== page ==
A number of general points can be made on the analysis of the questionnaires completed. The commonest visualisation tool in use in the social sciences, excluding geography, is SPSS closely followed by Microsoft Excel. In many instances, though, even these relatively limited tools are being used essentially for data storage and quantitative analysis and not for computer graphics. In geography the situation is rather different. Here GIS tools are being used - the most popular being ARCINFO and ARCVIEW. A number of other packages are in use throughout the social sciences but, based on this survey, they are being used by very few researchers. The work of few social scientists would be adversely affected if only Excel, SPSS and ESRI products were available.
For the purpose of the survey we interpreted social sciences in a broad sense. We received replies from academics in the following subject areas within the social sciences:
In economics Excel was found to be most frequently used followed by SPSS. As with archaeology, a number of other visualisation tools were used by individuals but, in each case, we received only one questionnaire referring to each tool. These included Microfit, Minitab and LIMDEP. All tools were used for visualisation data in a variety of graphs.
A wider range of visualisation tools were used in geography than in any other discipline. In total were received questionnaires from geographers making reference to 21 different tools. We received reports of eight software packages being used by more than one academic, again more than for any other subject area. As with other disciplines some visualisation tools were in far more common use than others were. The most popular included a range of GIS software - rarely used in other subject areas - and SPSS and Excel.
The response from history was disappointing. Only 12 questionnaires were received from members of history, economic and social history or related departments. Excel, PowerPoint and SPSS were found to be most commonly used but in each case we received only two questionnaires. Of the remainder a number of different image processing and display packages were listed. No academic made reference to the use of GIS software in his or her work.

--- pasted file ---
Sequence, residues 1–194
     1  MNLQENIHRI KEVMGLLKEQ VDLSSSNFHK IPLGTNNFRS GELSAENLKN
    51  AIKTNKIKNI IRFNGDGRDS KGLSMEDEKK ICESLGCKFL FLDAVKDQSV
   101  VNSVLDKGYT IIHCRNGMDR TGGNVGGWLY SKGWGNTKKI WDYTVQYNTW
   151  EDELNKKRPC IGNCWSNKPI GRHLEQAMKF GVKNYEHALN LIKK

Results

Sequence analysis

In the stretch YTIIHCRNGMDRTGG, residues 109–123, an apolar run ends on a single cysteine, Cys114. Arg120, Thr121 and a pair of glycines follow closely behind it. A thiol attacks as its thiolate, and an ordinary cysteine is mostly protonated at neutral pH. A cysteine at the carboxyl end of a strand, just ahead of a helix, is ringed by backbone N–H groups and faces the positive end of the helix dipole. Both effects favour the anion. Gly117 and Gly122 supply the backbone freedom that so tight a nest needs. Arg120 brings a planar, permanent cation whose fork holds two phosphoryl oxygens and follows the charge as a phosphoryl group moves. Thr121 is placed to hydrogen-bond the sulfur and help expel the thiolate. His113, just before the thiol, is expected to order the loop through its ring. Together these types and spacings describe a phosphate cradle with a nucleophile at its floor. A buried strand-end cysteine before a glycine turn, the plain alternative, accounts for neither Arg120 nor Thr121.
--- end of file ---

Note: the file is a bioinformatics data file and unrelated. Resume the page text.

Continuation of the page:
In politics three visualisation tools were in fairly common use - SPSS, Excel and PowerPoint. All these tools were used for visualising or presenting statistical data through the use of fairly basic computer graphics. Of the other software, for which we received no more than one questionnaire each from academics working in area, all but one was used for the same purpose as the commonly used software - visualising and presenting statistical data through graphs. One academic was using MapInfo to produce choropleth maps of Russia electoral geography.
In sociology and social policy a wider range of visualisation software was found to be in relatively frequent use compared to politics. Again though, software was being exclusively to present statistical data through the use of simple graphs presented to students using software such as PowerPoint.
Perhaps not surprisingly, in the slightly amorphous area of social statistics, the most commonly used packages were the spreadsheet software Excel and the statistics software Minitab. It is, perhaps, surprising however, that SPSS and SAS with arguably more advanced visualisation (and statistical) features, did not feature more strongly.
A range of visualisation tools were used in other disciplines, but none were in particularly frequent use as the final graph in this section clearly shows.
In addition some colleagues from outside the social sciences completed questionnaires. These included:
Graphics Multimedia Virtual Environments Visualisation Contents